Rawlinson, Christopher (1677-1733) (DNB00)
|←Rawlins, Thomas||Dictionary of National Biography, 1885-1900, Volume 47
Rawlinson, Christopher (1677-1733)
|Rawlinson, Christopher (1806-1888)→|
RAWLINSON, CHRISTOPHER (1677–1733), antiquary, born at Springfield, Essex, on 13 June 1677, was the second son of Curwen Rawlinson of Carke Hall in Cartmell, Lancashire, and M.P. for Lancaster in 1688, by his wife Elizabeth, daughter of Dr. Nicholas Monck [q. v.], bishop of Hereford, and brother of George Monck, duke of Albemarle. He matriculated from Queen's College, Oxford, on 14 June 1695, and, devoting himself to Anglo-Saxon studies, published in 1698, with assistance from Edward Thwaites [q. v.], fellow of Queen's College, Alfred's Saxon version of Boethius (‘Consolationis Philosophiæ Libri V,’ 1698, 8vo), from a transcript at Oxford made by Francis Junius. This was printed with the Junian types. He inherited his father's estates, and died in Holborn Row, London, on 8 Jan. 1733. He was buried in the abbey church of St. Albans, Hertfordshire. His portrait, engraved by J. Nutting, with those of other members of his family, is in the Bodleian Library (Bromley).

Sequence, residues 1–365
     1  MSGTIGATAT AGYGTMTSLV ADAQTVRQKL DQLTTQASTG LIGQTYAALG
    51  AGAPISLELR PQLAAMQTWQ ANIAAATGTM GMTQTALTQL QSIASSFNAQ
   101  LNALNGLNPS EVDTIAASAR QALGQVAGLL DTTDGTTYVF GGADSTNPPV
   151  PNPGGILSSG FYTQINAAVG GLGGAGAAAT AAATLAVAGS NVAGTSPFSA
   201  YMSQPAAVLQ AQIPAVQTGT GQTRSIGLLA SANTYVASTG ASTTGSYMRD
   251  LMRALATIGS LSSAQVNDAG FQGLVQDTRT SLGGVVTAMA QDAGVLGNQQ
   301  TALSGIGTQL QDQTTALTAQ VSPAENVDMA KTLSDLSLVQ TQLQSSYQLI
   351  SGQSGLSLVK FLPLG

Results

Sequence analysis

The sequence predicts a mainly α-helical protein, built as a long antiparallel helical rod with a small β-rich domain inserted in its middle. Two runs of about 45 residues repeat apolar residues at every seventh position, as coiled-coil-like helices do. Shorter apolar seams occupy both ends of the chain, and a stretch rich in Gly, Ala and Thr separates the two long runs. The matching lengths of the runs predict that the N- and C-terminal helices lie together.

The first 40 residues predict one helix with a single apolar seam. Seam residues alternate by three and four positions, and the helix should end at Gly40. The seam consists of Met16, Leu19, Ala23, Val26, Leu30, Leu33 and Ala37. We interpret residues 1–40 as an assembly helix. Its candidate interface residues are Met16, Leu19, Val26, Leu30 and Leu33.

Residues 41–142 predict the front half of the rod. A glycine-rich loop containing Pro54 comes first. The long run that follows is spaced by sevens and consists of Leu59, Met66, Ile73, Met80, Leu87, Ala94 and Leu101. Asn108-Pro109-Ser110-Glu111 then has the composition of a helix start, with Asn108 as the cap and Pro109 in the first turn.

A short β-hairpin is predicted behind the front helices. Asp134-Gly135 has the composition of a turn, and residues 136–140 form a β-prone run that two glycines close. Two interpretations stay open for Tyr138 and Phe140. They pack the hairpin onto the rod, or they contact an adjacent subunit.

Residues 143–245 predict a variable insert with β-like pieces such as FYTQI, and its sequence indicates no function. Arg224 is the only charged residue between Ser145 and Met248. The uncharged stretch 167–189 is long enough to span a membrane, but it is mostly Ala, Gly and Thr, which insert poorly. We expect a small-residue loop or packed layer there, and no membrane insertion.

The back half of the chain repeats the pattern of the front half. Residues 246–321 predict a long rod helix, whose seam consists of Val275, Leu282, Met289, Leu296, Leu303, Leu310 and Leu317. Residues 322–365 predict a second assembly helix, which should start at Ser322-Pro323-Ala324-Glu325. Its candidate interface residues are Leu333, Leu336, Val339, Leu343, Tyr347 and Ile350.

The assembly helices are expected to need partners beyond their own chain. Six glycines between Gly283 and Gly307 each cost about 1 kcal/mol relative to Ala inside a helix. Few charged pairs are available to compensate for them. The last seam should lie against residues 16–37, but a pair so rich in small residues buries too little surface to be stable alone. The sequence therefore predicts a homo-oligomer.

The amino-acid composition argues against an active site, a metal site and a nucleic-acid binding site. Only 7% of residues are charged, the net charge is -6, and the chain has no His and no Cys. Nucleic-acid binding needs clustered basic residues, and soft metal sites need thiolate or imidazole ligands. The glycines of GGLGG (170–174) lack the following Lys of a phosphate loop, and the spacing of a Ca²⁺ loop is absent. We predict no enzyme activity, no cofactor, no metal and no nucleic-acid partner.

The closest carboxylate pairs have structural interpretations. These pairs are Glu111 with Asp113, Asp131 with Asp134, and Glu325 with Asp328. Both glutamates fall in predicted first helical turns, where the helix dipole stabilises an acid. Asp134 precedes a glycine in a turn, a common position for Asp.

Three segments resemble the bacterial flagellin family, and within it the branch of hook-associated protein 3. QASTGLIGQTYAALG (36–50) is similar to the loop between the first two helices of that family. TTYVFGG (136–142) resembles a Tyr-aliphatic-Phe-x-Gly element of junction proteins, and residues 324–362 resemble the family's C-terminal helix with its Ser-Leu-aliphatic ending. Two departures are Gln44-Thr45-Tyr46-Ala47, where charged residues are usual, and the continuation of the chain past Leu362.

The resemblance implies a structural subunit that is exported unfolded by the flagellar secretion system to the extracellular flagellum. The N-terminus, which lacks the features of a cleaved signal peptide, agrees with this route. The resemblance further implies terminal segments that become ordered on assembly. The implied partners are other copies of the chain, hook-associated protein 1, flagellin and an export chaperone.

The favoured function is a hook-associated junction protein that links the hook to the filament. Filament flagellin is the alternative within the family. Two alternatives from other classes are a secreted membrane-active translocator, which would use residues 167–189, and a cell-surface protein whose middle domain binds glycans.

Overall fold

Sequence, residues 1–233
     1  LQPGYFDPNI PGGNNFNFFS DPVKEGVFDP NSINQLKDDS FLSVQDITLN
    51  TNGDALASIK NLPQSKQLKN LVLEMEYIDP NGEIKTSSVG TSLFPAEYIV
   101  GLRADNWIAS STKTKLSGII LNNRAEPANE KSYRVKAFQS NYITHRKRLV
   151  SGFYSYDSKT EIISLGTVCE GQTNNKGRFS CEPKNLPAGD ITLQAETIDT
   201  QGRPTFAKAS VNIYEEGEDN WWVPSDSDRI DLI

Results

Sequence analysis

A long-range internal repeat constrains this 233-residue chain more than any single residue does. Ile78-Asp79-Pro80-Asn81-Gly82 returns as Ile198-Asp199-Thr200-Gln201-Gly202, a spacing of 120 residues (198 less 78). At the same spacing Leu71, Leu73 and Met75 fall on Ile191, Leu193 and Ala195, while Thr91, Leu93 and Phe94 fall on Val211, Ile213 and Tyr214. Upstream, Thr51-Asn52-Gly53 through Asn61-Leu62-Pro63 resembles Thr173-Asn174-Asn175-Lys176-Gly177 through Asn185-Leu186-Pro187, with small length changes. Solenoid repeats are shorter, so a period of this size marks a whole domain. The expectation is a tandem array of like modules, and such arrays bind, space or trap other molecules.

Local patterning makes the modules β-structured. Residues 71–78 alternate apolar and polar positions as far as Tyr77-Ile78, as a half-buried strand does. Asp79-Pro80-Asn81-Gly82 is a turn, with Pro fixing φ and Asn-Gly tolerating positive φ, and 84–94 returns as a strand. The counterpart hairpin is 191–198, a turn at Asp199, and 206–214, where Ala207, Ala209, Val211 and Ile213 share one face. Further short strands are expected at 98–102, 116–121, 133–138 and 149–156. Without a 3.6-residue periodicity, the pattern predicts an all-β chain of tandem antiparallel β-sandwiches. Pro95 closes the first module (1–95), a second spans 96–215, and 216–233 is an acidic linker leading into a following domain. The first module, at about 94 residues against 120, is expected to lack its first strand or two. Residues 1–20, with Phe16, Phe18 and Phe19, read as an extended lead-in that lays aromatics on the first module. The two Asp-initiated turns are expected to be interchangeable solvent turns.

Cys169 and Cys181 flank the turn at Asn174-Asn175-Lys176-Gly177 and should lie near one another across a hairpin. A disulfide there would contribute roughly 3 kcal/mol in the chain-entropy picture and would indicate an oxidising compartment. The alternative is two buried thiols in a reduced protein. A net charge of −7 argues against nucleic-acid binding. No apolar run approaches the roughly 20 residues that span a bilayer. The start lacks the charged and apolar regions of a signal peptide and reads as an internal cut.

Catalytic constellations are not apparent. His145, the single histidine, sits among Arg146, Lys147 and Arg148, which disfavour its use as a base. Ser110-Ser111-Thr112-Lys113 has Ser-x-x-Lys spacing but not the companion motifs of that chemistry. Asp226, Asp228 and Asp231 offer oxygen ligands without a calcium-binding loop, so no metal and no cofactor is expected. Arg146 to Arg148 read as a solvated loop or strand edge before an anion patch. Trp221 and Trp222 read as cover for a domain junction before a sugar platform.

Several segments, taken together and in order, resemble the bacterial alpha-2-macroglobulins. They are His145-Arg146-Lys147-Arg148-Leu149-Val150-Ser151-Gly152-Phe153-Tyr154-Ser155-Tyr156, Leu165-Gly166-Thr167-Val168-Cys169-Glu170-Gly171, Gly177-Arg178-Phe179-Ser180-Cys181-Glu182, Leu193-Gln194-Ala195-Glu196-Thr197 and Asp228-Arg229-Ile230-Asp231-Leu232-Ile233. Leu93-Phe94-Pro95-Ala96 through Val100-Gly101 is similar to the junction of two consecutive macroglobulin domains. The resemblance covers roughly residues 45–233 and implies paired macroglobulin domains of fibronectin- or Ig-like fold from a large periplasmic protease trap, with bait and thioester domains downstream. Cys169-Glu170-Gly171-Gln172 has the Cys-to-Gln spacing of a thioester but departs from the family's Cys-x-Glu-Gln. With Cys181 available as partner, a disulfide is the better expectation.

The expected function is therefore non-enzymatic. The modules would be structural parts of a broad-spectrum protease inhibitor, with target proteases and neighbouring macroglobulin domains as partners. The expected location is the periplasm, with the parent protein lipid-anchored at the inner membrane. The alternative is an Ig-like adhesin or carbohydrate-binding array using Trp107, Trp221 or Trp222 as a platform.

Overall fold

Rawlinson died unmarried and intestate, and his landed estates passed to the issue of his father's sisters Anne and Katherine. The furniture of Carke Hall was sold by auction at his death, and his manuscripts were at the same time disposed of in bundles, and were bought for pence by the villagers. Rawlinson had made valuable collections for the history of Lancashire, Westmoreland, and Cumberland, all of which have probably perished. Sir Daniel Fleming had, however, copied extracts from the portion relating to Westmoreland, and these extracts were deposited in the collection of manuscripts at Rydal Hall, and were used about 1777 by Nicolson and Burn for their ‘Westmoreland and Cumberland.’[Whitaker's Whalley, ed. Lyons, ii. 591; Foster's Alumni Oxon.; Gent. Mag. 1733, p. 45; Nichols's Lit. Anecd. iv. 146; Baines's Lancaster, ii. (ed. 1870), p. 668; Nicholson and Burn's Westmoreland and Cumberland, i. 500.]